Family, Child, Adolescent Health (Includes Maternal & Child Health)
School Wellness Policies: Promoting Student Health and Academic Success
Diana Rubio (School of Medicine (UMB) Pediatrics Staff)
BACKGROUND: Federal law mandates that schools participating in federal child nutrition programs implement Local Wellness Policies (LWPs). The objectives are to examine the relation between LWP implementation and academic success in Maryland elementary/middle schools and whether relations differ by majority low-income student body. METHODS: The Maryland Wellness Policies and Practices Project is a statewide study examining school-level LWP implementation via an online administrator survey (response rate=55.2%, 744/1349). Elementary/middle schools were included (elementary=460; middle=111) to examine Maryland State Assessment (MSA) performance. School-level MSA scores (math/reading %proficiency) and demographics (>75% Free-and-Reduced-Price Meals, proxy for low-income) were provided by the State. ANOVA and independent t-tests examined association between %proficiency, LWP implementation, and majority low-income student body. Multi-level regression models, accounting for clustering within school systems, examined association between %proficiency and LWP implementation and whether relations differed by majority low-income student body. RESULTS: Of the 571 schools, 24.9% had majority low-income student body. Math and reading %proficiency differed by LWP implementation (F(2,539)=3.458, p=.032; F(2,539)=3.336, p=.036 respectively). Schools with majority low-income student body had lower math and reading %proficiency (t(620)=14.402, p<0.001; t(620)=20.529, p<0.001 respectively) and lower LWP implementation (F(1,709)=9.795, p=0.002). Models accounting for clustering within school systems revealed no relation between LWP implementation and %proficiency in math or reading. Majority low-income student body marginally moderated relation between LWP implementation and reading %proficiency (p=0.08). Stratified analyses suggested that among schools with majority low-income student bodies, low LWP implementation (versus none) was associated with lower MSA math and reading scores (b=-5.06, p=0.042; b=-3.89, p=0.021 respectively); and among schools without majority low-income student bodies, high LWP implementation (versus none) was marginally associated with higher reading %proficiency (b=1.51, p=0.062). CONCLUSIONS: MSA %proficiency differed by LWP implementation and majority low-income student body. Working toward high implementation of LWP may enhance academic success despite differences in student body income.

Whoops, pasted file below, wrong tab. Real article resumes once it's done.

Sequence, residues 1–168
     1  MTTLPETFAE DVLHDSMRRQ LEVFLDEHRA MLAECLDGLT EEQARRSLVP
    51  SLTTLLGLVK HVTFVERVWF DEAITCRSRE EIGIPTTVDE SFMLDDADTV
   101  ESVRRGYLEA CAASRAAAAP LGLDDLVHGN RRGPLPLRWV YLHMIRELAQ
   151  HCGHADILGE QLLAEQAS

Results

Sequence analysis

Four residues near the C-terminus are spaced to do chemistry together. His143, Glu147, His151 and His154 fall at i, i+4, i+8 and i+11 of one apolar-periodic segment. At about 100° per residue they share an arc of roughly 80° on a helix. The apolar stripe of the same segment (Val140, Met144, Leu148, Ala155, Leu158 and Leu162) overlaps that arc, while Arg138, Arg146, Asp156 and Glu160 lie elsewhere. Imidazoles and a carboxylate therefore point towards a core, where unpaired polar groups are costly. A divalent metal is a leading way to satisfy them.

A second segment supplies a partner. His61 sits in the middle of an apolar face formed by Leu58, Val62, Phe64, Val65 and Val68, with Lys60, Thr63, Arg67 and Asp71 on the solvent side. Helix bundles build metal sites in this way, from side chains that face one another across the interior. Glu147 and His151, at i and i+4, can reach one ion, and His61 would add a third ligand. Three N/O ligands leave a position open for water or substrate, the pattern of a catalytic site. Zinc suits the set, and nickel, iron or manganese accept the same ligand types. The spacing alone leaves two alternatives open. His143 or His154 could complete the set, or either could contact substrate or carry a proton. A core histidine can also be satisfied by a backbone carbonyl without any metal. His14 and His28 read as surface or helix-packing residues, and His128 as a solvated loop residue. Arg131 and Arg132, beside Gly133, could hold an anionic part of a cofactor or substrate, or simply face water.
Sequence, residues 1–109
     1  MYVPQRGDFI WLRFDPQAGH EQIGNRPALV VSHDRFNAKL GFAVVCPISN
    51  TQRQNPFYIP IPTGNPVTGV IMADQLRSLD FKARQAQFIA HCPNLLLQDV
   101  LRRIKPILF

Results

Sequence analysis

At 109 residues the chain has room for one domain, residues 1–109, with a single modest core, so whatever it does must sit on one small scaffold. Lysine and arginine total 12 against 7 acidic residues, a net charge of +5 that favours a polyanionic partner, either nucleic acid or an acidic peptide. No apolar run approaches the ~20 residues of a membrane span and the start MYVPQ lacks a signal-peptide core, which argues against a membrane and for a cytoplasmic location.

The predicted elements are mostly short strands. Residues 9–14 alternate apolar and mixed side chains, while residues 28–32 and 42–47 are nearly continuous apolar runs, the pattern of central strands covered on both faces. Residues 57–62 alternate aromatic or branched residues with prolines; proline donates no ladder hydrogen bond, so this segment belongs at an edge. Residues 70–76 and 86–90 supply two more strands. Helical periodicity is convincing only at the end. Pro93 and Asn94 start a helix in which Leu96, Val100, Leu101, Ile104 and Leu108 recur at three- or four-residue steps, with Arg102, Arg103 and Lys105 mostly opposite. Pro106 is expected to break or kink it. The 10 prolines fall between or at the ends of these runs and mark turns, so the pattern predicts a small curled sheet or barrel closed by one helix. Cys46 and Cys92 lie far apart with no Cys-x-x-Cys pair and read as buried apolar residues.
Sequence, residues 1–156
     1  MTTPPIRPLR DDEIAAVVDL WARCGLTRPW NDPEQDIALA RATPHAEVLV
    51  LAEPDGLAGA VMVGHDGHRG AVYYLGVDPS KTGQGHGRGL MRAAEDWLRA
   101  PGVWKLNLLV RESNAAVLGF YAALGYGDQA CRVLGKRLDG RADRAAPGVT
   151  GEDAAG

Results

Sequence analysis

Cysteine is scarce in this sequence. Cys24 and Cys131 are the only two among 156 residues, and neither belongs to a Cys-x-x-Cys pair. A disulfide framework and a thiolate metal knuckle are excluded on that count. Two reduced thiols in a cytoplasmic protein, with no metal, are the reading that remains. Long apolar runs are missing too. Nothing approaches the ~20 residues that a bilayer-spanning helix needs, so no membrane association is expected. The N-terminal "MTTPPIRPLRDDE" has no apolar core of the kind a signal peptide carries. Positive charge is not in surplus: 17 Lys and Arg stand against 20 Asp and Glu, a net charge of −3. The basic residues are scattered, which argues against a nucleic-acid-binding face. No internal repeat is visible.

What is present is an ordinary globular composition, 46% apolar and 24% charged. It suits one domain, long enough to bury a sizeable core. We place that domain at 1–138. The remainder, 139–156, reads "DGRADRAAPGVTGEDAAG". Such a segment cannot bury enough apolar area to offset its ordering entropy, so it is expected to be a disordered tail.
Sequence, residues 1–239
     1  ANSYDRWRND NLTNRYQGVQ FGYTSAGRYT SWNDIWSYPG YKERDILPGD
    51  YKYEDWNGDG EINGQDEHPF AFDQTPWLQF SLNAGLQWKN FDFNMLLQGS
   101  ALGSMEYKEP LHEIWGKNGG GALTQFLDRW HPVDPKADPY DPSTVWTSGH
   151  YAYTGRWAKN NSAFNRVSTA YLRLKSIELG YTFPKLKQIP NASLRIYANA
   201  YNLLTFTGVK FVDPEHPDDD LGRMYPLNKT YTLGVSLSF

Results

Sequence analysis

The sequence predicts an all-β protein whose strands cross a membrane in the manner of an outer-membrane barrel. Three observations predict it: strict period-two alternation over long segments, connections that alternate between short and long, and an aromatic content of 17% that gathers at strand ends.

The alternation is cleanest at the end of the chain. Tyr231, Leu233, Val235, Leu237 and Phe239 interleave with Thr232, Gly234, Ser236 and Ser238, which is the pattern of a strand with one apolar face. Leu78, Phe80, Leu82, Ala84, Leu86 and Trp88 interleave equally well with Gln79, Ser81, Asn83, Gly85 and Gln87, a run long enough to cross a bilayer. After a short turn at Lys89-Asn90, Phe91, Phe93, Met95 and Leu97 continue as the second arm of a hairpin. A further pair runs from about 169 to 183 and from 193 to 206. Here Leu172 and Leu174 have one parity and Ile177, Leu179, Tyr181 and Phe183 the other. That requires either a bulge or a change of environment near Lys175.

Importance to public health: